September 9, 2011 Leave a Comment
(Originally published in the CFA Summer 2011 Newsletter)
Evidence of a community being transformed:
January 1, 2008 Leave a Comment
This exercise gives you a quick overview of how your church is engaging the community. An accurate picture of the church’s strengths, weaknesses, and goals for outreach is useful in pointing the church toward its next steps in developing transformational community ministry.
June 1, 2007 Leave a Comment
There is a trend today among American Evangelical and Bible believing church leaders to talk about Community Transformation (CT). The content behind the label however has been anything but uniform.
To some CT is about:
• Getting pastors in a city to pray together for their city.
• Getting pastors and civic leaders to cooperate together on an initiative
• Creating a city-wide day of service where church members bless their city with good deeds.
• Strengthening programs in the city that help the poor.
• Developing programs of assistance for poor and disenfranchised people
Rarely is the content about:
• Convening neighbors and finding out what they would like to work on together to make their neighborhood or city better.
• Connecting neighbors with neighbors in ways that add value to both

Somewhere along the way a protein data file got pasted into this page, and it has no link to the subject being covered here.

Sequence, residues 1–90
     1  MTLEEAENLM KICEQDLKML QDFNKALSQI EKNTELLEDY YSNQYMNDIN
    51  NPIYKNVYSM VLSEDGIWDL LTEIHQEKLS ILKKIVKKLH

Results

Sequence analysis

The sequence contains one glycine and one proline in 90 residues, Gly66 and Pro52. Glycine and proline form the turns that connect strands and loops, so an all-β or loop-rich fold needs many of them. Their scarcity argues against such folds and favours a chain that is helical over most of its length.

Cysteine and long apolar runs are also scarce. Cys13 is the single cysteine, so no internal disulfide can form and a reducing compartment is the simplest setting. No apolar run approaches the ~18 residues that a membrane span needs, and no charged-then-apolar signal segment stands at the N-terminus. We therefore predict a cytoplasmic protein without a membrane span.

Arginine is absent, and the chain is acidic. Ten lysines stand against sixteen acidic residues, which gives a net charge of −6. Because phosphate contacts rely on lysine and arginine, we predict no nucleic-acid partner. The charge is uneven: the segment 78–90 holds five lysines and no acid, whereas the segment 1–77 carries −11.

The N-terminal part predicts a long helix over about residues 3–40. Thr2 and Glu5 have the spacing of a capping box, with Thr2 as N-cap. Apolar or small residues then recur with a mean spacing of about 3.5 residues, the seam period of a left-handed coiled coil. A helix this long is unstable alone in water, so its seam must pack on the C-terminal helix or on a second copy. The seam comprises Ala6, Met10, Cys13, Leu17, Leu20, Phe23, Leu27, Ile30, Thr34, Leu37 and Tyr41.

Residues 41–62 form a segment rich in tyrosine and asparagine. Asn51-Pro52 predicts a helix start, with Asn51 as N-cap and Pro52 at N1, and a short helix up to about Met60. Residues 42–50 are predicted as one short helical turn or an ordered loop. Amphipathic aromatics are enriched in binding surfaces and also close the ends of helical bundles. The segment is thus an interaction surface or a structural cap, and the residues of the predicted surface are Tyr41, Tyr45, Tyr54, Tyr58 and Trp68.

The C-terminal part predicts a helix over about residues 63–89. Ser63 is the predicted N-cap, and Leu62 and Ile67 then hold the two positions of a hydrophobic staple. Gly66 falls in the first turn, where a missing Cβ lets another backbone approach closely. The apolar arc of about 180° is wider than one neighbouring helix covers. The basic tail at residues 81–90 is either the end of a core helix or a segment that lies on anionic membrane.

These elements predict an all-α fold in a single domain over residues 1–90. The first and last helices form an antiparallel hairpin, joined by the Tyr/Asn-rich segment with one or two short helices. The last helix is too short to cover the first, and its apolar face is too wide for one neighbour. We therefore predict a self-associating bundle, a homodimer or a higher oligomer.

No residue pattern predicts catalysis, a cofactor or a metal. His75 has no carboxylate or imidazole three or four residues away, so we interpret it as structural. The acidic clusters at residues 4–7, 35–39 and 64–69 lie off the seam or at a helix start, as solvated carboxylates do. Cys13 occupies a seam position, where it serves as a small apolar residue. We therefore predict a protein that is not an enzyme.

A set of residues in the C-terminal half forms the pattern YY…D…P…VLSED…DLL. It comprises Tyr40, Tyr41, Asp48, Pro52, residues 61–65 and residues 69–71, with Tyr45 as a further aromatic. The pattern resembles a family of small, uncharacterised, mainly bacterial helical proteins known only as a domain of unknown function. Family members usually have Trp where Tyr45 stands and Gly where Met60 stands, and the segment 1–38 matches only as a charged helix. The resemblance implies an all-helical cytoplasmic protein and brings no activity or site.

• Creating an agenda for change with a neighborhood and then shepherding the change.
• Harvesting the gifts of a person or a neighborhood for the benefit of the neighborhood.
One of the tough questions for churches in North America is if they want to do good OR if they want to make a difference. Doing good is easy and doesn’t cost much. Making a difference is long, daunting, hard, relationship based, work. Too many churches care about doing good, without caring about the legacy of their charity – what difference it makes in the long haul!
Towards the end of September I had opportunity to visit Knoxville TN. The purpose of my visit was to teach a group of church leaders about Asset Based Community Development (ABCD).
Rev. Andrew Rittenhouse had assembled 24 church leaders who wanted to learn about ABCD. They wanted to see their churches make a difference AND they wanted to see their neighborhoods changed.
Following the training some of the participants targeted two specific neighborhoods where they plan to implement ABCD strategies and work for the long haul towards community transformation.
In these neighborhoods they will be: